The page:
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Federal appeals court throws out emoluments clause lawsuit involving Trump hotel

The appeals court called the lawsuit against Trump "attenuated and abstract"


Shira Tarlo
July 10, 2019 7:25PM (UTC)

A federal appeals court on Wednesday sided with President Donald Trump, dismissing a federal lawsuit brought by the state of Maryland and the District of Columbia claiming that the president is illegally profiting from foreign and domestic officials who stay at his Washington hotel.

The U.S. Court of Appeals for the Fourth Circuit unanimously ruled that the Democratic attorneys general of Maryland and the District of Columbia — who joined together in 2017 to file the lawsuit against Trump — lacked legal standing in accusing the president of violating anti-corruption provisions in the emoluments clauses of the U.S. Constitution.

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The emoluments clause is little-known provision of the Constitution that prohibits public officials from accepting gifts or payments from states or foreign governments without congressional approval.

"The District and Maryland's interest in enforcing the Emoluments Clauses is so attenuated and abstract that their prosecution of this case readily provokes the question of whether this action against the president is an appropriate use of the courts, which were created to resolve real cases and controversies between the parties," Judge Paul Niemeyer wrote in his opinion on behalf of the three-judge panel.

The appeals court rejected the attorneys generals' argument that Trump's hotel diverted business from similar properties in their jurisdictions.

"There is a distinct possibility — which was completely ignored by the District and Maryland, as well as by the district court — that certain government officials might avoid patronizing the hotel because of the president’s association with it," Niemeyer wrote.

"Even if government officials were patronizing the hotel to curry the president's favor, there is no reason to conclude that they would cease doing so were the president enjoined from receiving income from the hotel. After all, the hotel would still be publicly associated with the president, would still bear his name and would still financially benefit members of his family," he added.

Trump quickly celebrated Wednesday's ruling and appeared to embrace the court's suggestion that the presidency could hurt Trump's businesses.

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"Word just out that I won a big part of the Deep State and Democrat induced Witch Hunt," Trump wrote on Twitter. "Unanimous decision in my favor from The United States Court of Appeals For The Fourth Circuit on the ridiculous Emoluments Case. I don't make money, but lose a fortune for the honor of ....serving and doing a great job as your President (including accepting Zero salary!)."

The president's attorney, Jay Sekulow, also praised the court's ruling, which he called a "complete victory." He added, "This latest effort at presidential harassment has been dismissed with prejudice."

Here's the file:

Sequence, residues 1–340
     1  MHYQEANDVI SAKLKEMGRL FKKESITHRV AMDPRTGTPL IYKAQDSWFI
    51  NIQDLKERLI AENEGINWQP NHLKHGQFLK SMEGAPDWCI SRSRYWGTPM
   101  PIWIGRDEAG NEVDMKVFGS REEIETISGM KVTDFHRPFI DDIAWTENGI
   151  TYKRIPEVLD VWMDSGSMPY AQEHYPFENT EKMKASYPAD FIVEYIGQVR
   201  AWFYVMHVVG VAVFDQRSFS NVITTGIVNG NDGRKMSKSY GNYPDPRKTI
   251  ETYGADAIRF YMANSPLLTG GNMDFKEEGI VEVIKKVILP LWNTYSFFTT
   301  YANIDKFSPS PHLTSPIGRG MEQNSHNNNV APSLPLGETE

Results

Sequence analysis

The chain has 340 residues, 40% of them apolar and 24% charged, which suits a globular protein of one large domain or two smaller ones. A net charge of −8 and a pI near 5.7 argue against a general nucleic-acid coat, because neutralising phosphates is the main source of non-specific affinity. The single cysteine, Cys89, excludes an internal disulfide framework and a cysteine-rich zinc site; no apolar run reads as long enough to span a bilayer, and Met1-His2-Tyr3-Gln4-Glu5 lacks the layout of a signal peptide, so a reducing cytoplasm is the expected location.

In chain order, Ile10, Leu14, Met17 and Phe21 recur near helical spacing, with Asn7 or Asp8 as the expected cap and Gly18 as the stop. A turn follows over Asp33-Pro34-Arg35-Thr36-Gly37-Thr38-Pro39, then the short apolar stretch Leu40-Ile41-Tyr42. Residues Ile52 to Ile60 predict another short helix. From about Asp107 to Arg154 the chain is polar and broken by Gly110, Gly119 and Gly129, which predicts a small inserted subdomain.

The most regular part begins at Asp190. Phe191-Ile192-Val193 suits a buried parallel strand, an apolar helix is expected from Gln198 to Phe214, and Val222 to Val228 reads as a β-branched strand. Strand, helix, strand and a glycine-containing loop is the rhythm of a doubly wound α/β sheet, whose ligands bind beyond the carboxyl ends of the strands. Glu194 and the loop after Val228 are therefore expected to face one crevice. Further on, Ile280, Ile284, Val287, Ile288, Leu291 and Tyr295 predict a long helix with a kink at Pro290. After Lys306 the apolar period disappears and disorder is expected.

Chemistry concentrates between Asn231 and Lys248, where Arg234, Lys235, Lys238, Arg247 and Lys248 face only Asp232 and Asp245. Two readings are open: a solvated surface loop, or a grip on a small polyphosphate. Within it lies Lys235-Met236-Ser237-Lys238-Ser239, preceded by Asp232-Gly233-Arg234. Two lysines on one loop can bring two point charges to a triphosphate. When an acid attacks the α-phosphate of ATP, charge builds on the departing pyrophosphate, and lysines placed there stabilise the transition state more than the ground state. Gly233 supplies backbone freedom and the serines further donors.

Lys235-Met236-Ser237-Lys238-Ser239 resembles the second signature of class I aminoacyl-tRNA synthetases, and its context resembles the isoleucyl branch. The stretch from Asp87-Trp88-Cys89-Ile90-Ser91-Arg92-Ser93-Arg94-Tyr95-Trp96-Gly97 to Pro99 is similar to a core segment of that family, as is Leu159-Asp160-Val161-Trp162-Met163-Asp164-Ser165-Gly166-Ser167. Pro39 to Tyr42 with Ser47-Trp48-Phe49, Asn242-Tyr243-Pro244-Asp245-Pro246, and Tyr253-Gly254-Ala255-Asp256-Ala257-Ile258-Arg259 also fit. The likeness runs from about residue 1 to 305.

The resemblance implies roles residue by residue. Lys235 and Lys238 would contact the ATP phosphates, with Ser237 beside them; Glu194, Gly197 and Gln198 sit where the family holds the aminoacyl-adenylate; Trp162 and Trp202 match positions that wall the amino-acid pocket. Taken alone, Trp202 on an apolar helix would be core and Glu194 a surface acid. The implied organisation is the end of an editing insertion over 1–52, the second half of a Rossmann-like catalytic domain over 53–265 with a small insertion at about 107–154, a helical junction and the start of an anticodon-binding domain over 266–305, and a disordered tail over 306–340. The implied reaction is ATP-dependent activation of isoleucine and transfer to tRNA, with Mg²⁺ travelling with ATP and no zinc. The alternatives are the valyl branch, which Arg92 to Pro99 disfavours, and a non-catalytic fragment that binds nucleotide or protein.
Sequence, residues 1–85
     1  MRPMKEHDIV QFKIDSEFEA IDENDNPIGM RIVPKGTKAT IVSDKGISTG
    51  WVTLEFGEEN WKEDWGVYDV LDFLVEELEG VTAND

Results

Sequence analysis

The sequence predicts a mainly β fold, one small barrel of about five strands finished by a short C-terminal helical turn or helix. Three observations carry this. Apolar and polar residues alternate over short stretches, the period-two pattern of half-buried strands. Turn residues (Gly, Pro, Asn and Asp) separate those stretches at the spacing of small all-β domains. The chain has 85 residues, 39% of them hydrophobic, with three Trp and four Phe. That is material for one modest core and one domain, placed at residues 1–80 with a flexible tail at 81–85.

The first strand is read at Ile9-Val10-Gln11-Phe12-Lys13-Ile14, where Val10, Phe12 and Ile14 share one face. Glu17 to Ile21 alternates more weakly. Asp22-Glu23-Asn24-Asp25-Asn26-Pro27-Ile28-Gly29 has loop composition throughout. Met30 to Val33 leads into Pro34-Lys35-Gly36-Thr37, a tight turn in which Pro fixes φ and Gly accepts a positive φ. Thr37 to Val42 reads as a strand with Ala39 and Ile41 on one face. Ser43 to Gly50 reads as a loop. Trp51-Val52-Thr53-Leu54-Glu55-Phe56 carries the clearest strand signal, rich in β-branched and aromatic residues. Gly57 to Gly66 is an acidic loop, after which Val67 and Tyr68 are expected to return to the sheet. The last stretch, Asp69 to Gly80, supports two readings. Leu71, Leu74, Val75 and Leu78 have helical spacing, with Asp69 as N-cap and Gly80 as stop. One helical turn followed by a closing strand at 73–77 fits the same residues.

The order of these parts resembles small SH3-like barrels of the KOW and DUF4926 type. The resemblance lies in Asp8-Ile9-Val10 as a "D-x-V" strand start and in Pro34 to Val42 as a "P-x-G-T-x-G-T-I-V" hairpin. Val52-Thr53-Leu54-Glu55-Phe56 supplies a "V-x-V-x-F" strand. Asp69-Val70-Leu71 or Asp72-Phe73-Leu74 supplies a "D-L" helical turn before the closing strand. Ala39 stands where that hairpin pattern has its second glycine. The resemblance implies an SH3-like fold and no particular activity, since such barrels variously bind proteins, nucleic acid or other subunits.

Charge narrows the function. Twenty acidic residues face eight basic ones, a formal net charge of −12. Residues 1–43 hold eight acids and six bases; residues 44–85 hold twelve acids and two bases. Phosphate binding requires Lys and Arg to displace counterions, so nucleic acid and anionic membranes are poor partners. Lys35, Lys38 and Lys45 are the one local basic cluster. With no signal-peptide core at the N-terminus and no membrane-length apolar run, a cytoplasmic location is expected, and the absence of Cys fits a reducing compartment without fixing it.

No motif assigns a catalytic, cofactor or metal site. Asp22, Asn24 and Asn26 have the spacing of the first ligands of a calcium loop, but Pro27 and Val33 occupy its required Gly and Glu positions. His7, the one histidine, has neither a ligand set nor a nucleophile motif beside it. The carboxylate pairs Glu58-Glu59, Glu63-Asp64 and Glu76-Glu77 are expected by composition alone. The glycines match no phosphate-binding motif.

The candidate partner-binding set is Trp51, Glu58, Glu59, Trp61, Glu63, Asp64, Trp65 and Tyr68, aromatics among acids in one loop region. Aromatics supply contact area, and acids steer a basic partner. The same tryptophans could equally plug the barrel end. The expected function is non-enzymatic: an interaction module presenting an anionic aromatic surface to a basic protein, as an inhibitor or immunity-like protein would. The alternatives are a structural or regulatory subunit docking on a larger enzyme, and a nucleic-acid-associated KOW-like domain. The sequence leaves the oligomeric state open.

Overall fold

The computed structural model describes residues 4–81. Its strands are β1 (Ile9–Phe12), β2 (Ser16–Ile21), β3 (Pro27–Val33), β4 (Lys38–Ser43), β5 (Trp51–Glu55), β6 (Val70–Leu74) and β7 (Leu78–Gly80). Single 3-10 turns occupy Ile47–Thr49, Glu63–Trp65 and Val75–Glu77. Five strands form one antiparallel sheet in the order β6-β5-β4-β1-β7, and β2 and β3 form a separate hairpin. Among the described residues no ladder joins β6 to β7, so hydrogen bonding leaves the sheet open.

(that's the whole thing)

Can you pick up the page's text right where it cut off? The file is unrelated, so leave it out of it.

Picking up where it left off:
The Justice Department also applauded the outcome.

"We are pleased that the Fourth Circuit unanimously decided to dismiss this extraordinarily flawed case," Justice Department spokeswoman Kelly Laco said in a statement. "The court correctly determined that the plaintiffs improperly asked the courts to exceed their constitutional role by reviewing the president’s compliance with the Emoluments Clauses."

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Since Trump clinched the presidency, the Trump International Hotel in Washington has emerged as a particular source of controversy, as it has become a magnet for lobbyists, foreign governments and organizations friendly to the president's agenda, who have given the appearance of gathering at the establishment in an attempt to curry favor with the administration. The luxury hotel is located mere blocks from the White House.

Maryland and D.C. had some initial wins in the case, including when a federal judge in Maryland ruled that the lawsuit could move forward. Trump appealed that ruling to the Fourth Circuit.

The three judges who heard the appeal were nominated to the Fourth Circuit by Republican presidents: Niemeyer, by George H.W. Bush; Dennis Shedd, by George W. Bush; and Marvin Quattlebaum, by Trump.

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The attorneys general for Maryland and D.C. dismissed the court's ruling and vowed to continue to scrutinize president for his alleged violations of the Constitution's emoluments clause.

"We think that this panel of the Fourth Circuit Court of Appeals got it wrong. Although the court described a litany of ways in which this case is unique, it failed to acknowledge the most extraordinary circumstance of all: President Trump is brazenly profiting from the Office of the President in ways that no other president in history ever imagined and that the founders expressly sought — in the Constitution — to prohibit," attorneys general Karl Racine of D.C. and Brian Frosh of Maryland wrote in a joint statement.  "We have not and will not abandon our efforts to hold President Trump accountable for violating the Nation's original anti-corruption laws."

"All Americans suffer when our chief executive is vulnerable to corrupt foreign influence," they continued. "The idea that the District of Columbia and Maryland are not harmed by the president’s violation of the Constitution is plain error. We will continue to pursue our legal options to hold him accountable."

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Shira Tarlo

Contact Shira Tarlo at shira.tarlo@salon.com. Follow @shiratarlo.

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